But it was your scenario. That's why I responded to it.
But stellar speeds do not.
Good discussion all around.
I am of the opinion that for all the highfalutin' mathematics and continuously evolving technology of the last few centuries?
It still remains a viable rule of thumb "That all action produces an equal and opposite reaction".
r8chard, was this the thread you intended to post this to?
I've been trying to understand what you meant by that, but couldn't. No matter how I look at the graph in post #37, I see low speeds in the most likely range.
Same when I look at the W velocity dispersion from the presentation linked to in post #33.
Maybe I'm missing something obvious here.
The difference here is between speed and velocity.
As an example, consider a uniform velocity distribution from -20 km/s to +20 km/s in both directions. What is the speed distribution for speeds below 20 km/s?
It is a linearly increasing function. Regions of fixed speed are circles, and the circle corresponding to 1 km/s is much smaller than the circle corresponding to 10 km/s. Slower speeds are less likely. This stays true even if the velocity distribution is not completely uniform. The probability that both velocities are very close to zero at the same time is very small.
Ok, I can appreciate how there would be a dip around the zero point. But if the distribution in the x-y plane is such that 50% of the population falls within a circle of radius 20, then any speed of less than 20 still makes the star fall within that 50% range, no?
In that case 20 km/s is the median speed, sure. The mean can be higher.
This asteroid, now called ʻOumuamua, is thought to be about 150 meters across.
If it was a red dwarf star instead, with a mass of 0.1 solar masses, it would have perturbed all the planets' orbits.
Earth would have a semi-major axis of over 7 AU.
Here is a simulation of our new solar system:
Nice! (Pun intended)
At 7 AU global warming becomes something we aspire to.
What happens to the moon in this scenario?
Why does A2017U1 keep coming back? I thought its orbit was hyperbolic.
Did you run this with a Jupiter-sized object? Anything interesting happen?
The Moon stays with the Earth, but its eccentricity is nearly quadrupled.
In the simulation, the "camera" is in an unrealistically-fast orbit around the solar system just to show it to you from all sides. That makes it appear as if A2017U1 keeps coming back. If you check "Trails" and run it, you will see that's its spiraling away in this rotating frame of reference.
With a Jupiter-mass, it wasn't nearly as interesting. Earth's orbit got ever-so-slightly rounder. The Moon's eccentricity jumped from about 0. 55 to about 0.1.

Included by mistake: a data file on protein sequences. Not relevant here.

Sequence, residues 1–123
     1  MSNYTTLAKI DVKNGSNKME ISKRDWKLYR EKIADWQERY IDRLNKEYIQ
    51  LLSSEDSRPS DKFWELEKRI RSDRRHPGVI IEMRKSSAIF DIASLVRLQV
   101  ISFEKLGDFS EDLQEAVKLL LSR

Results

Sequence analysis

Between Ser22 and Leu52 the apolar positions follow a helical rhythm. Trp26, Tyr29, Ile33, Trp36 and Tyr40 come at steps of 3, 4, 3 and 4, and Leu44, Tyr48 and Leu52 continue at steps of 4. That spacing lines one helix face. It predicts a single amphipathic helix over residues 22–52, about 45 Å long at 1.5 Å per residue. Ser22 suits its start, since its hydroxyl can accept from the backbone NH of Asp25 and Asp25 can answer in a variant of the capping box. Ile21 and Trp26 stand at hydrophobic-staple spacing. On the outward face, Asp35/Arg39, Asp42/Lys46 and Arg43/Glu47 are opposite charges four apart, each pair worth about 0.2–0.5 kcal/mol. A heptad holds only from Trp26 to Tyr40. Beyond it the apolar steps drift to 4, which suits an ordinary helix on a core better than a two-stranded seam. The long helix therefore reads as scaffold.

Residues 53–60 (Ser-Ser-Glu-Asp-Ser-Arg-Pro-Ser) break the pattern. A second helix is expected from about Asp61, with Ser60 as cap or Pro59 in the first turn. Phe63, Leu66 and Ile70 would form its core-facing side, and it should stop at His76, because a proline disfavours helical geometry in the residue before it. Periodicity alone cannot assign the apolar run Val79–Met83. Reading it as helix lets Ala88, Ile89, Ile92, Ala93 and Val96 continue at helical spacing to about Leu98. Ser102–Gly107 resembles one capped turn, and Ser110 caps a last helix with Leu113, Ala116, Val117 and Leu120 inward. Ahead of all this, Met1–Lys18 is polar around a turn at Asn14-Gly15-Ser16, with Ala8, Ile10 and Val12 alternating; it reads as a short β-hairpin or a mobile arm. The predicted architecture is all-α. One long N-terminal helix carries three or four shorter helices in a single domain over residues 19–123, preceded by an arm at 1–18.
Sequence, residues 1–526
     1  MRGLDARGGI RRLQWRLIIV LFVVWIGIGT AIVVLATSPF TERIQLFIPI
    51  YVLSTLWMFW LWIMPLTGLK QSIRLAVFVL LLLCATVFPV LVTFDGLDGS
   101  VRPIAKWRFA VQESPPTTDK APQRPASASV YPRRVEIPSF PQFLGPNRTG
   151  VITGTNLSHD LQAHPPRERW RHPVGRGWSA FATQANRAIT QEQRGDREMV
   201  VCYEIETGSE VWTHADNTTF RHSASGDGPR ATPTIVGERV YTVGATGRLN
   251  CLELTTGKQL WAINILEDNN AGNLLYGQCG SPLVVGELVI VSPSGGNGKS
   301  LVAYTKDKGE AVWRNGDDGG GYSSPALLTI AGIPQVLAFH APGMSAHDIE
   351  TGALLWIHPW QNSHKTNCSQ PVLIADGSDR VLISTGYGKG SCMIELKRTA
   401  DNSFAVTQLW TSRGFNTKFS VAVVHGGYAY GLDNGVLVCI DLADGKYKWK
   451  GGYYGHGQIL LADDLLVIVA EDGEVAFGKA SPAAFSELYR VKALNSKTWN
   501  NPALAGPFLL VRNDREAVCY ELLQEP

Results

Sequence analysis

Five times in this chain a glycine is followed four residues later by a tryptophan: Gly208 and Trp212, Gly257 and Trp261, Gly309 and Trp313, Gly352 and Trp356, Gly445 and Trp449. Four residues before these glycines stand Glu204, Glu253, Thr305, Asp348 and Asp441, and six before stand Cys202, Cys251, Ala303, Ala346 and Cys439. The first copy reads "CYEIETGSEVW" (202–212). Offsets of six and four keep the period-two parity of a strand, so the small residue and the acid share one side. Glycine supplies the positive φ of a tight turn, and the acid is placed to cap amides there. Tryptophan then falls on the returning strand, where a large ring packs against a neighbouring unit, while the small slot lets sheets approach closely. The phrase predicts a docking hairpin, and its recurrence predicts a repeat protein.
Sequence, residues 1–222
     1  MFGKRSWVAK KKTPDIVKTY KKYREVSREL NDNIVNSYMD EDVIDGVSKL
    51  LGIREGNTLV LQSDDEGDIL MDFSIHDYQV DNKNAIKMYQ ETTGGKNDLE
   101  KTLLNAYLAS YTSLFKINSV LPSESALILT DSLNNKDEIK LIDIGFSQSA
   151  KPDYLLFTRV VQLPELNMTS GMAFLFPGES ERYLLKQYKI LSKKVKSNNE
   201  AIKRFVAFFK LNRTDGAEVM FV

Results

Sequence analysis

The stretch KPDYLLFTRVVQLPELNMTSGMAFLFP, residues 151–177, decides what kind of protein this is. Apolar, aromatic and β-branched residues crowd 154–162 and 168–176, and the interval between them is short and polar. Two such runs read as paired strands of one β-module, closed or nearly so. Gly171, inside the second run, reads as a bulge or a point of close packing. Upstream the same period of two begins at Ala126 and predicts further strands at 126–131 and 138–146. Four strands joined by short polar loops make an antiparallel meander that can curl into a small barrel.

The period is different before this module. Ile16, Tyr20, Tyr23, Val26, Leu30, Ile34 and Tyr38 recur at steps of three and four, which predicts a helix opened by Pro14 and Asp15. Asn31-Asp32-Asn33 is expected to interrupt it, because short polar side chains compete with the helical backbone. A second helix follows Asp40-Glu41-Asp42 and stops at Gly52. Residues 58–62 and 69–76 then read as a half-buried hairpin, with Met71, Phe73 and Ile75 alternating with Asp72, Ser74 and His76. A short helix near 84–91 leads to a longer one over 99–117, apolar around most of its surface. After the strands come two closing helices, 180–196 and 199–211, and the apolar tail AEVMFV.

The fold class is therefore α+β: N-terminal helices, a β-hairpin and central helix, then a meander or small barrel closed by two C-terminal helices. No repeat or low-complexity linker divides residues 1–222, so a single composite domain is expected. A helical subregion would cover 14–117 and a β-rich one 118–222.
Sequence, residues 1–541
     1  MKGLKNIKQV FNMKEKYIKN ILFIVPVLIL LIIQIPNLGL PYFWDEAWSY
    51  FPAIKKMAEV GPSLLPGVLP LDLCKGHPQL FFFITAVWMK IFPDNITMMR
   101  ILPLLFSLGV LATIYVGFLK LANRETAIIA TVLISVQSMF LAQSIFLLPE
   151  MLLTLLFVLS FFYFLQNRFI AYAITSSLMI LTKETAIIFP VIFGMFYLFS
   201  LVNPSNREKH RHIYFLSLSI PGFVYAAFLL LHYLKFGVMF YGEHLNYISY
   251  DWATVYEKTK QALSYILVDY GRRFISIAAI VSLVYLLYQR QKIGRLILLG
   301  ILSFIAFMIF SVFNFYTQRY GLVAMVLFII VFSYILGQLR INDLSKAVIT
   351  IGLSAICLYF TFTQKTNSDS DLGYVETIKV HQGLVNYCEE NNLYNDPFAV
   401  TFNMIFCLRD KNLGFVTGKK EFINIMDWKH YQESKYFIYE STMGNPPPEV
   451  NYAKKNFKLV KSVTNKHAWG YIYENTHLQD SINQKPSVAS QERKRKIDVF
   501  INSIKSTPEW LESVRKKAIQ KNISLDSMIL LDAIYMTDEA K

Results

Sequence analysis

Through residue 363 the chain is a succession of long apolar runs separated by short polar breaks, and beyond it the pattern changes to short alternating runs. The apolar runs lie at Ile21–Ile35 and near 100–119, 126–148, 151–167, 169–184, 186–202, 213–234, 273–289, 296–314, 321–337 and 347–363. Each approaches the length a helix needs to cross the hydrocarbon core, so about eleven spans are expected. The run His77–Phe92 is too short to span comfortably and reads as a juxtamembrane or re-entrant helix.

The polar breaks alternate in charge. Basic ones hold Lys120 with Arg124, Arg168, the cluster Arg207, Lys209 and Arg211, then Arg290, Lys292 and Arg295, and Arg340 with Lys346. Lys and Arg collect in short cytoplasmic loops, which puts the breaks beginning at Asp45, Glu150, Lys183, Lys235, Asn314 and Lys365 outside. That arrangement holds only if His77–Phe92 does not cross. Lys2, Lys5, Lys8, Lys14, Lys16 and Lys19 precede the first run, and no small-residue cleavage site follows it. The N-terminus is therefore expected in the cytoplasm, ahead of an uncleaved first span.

As this object continues to get observed, its trajectory gets refined. The good news is that with the latest data, Earth only gets pushed out to 2.6 AU.
The IAU posted an announcement on 2017-Nov-14 concerning the newly discovered interstellar object that explained its discovery circumstances, its naming and the new designation system. The new object is now officially known as 1I/2017 U1 and named 'Oumuamua which in Hawaiian means “a messenger from afar arriving first”. This was approved by the IAU Executive Committee. It is being called a prototype of a new class of objects, an “interstellar asteroid” which is
not gravitationally bound to the Solar System. https://www.iau.org/news/announcements/detail/ann17045/
A search on "2017 U1" in arxiv will find the recently submitted papers on 1I/2017 U1
Today I find 10 such new papers.
The orbit of 1I/2017 U1 was updated on 2017-Nov-13 with the issuance of
MPEC 2017-V63 (2017 Nov. 13) 1I/`OUMUAMUA
The latest value of the eccentricity e = 1.1992920
The values of the orbital parameters are only changing out at the 4th or 5th decimal place.
Observers W. H. Ryan and E. V. Ryan. submitted astrometry on 1I/2017 U1 with magnitude near 24 using the 2.4-m f/8.9 reflector telescope at Magdalena Ridge Observatory, Socorro.
Karen Meech is PI of Hubble Space Telescope proposal 15405 titled "Which way home? Finding the origin of our Solar System's first interstellar visitor".
Hubble is going to be used to observe 1I/2017 U1 possibly until 2018-Jan-01 when it will have faded to magnitude 27.5
Details of the observing plan can be found online at
When observations are completed, they will show up under the HST Archive link.
They will be used to extend the observation arc and orbit and gather light curve data.
Spitzer Space Telescope has an approved plan to observe 1I/2017 U1.
I know it's not possible but it sure would be interesting to get a probe to it,
To see if it's composition is similar or not to solar system asteroids.
Apparently, it's a spindle - more than five times longer than it is wide.
The article (or is it Wiki) says that some suggestions are that it is a contact binary.
How would 2 (or more) smaller asteroids manage to make contact (and then stay in contact long enough to adhere) in such an arrangement?
Seems to me, it's essentially two (or more) long, thin asteroids balancing on their tips against gravity.
I've also read that it's possible those long spindles are created by molten rock being flung out from an impact and frozen like that.
An object with a trajectory never seen before and a shape never seen before? That's like winning the lottery 2 weeks in a row. Folks, this is an alien craft.
Press release from ESO on 1I/2017 U1: http://www.eso.org/public/unitedkingdom/news/eso1737/
Separate names with a comma.